Jason Jessop: Yeah. So, we started off with a very small sort of friends, family, type route. Raised some money. And, we brought in some strategic sort of investor from Vancouver, David Elliot from Heywood. So, David came in and he’s been a very supportive shareholder. David Elliot and his group own about 20% of the company. And they’ve been they’ve been great. You know, we are looking for that sort of next strategic partner to put in another piece of money. Right now, we need about $2MIL to finish the feasibility study update and do some of this high priority exploration drilling adjacent to the deposit. As well as finalize some of the minor permits and engineering to get done. So, you know that that money… there’s interest out there being a private company. It gives you some opportunity to get money from maybe some places where, from private equity groups that are looking to take a bigger stake in a company, but, you know, being private also has its drawbacks where some investors just can’t invest because they don’t have that opportunity for liquidity. So, we talk to lots of people. We keep our GNA costs extremely low. So, we really want to make sure that, we’re doing what’s right for our shareholders, keeping the money that we’re raising, going into advancing Shakespeare, advancing our strategies. And so, we’ve been able to do a lot, I’d say, for a little. And it’s one of the reasons we’ve been hesitant. Up until now to go public, because just the extra costs associated with that. But, definitely I would say once we have our feasibility study done and it looks positive with hopefully some exploration success, it would be a time we’ll definitely look at…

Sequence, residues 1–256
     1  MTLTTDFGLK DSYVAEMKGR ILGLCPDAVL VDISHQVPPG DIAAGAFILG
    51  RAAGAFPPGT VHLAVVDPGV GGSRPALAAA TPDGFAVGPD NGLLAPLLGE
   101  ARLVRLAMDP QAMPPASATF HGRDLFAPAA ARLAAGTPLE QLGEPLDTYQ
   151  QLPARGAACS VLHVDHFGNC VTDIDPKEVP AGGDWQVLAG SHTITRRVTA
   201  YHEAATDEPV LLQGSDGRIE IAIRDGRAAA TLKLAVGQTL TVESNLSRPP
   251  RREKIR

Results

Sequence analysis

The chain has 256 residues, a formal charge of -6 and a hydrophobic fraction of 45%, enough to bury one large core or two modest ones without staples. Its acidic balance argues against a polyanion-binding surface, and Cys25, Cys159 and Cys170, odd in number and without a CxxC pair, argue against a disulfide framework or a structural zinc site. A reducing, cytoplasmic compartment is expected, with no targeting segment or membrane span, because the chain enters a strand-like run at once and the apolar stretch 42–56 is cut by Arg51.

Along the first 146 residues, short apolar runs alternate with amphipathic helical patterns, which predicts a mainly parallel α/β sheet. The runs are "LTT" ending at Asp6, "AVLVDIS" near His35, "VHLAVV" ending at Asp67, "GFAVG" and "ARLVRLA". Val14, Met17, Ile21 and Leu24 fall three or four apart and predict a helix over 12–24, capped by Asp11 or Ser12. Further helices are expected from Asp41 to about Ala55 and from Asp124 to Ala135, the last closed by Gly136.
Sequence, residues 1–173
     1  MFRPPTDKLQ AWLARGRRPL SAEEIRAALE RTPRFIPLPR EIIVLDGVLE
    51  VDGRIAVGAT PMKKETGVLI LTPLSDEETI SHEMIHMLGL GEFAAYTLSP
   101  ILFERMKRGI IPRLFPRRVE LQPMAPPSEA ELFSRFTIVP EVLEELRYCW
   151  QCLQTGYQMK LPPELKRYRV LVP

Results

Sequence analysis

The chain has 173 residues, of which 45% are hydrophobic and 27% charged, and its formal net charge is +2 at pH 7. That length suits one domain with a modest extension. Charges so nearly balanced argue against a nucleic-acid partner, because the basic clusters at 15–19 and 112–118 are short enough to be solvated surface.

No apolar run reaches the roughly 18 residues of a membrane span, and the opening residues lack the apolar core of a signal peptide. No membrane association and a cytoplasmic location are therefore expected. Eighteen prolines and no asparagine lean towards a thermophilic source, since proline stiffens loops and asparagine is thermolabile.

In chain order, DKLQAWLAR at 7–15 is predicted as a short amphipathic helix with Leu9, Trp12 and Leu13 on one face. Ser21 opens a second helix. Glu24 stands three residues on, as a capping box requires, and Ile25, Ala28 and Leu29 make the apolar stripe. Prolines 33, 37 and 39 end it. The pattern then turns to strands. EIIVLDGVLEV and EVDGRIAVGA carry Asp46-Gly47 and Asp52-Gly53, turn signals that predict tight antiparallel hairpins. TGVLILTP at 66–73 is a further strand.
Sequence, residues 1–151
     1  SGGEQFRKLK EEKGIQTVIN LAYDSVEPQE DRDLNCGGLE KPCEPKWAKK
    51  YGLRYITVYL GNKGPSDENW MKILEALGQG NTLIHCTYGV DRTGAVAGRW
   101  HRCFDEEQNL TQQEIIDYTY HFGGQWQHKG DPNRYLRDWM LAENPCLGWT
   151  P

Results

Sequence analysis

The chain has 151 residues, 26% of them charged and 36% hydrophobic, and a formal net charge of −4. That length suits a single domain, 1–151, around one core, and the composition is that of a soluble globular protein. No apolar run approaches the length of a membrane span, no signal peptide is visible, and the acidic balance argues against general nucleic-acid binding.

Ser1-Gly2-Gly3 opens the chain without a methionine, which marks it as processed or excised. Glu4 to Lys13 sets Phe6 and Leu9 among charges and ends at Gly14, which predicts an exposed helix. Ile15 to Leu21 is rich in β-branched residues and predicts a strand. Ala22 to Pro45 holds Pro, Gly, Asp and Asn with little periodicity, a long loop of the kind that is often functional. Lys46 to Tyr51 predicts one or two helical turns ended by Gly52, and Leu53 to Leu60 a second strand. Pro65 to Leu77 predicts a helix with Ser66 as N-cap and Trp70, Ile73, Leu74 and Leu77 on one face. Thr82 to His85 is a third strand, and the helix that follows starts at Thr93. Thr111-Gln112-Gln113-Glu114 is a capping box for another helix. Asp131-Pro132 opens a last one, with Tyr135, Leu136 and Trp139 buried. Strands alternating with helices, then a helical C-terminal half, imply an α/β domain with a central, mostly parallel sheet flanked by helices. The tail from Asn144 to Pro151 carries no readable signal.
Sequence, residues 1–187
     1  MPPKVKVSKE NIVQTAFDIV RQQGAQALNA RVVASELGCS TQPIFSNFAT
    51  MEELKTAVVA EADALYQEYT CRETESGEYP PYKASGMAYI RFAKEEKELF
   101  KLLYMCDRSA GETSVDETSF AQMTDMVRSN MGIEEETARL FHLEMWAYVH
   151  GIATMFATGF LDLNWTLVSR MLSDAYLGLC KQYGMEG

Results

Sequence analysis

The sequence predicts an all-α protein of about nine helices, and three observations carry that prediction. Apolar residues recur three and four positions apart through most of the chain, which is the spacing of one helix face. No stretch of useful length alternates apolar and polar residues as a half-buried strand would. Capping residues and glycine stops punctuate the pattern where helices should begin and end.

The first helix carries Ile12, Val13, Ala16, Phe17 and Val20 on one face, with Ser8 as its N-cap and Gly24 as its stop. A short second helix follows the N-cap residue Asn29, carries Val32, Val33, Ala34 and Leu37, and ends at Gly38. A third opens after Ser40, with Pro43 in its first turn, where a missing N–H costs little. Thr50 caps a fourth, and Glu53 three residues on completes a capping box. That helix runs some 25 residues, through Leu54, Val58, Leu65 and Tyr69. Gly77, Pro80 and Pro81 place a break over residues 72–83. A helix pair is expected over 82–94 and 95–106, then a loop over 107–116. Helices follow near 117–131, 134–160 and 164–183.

Matthew Gordon: So, how much is the management sitting on at the moment? They have shares in this, I guess? Have you bought shares?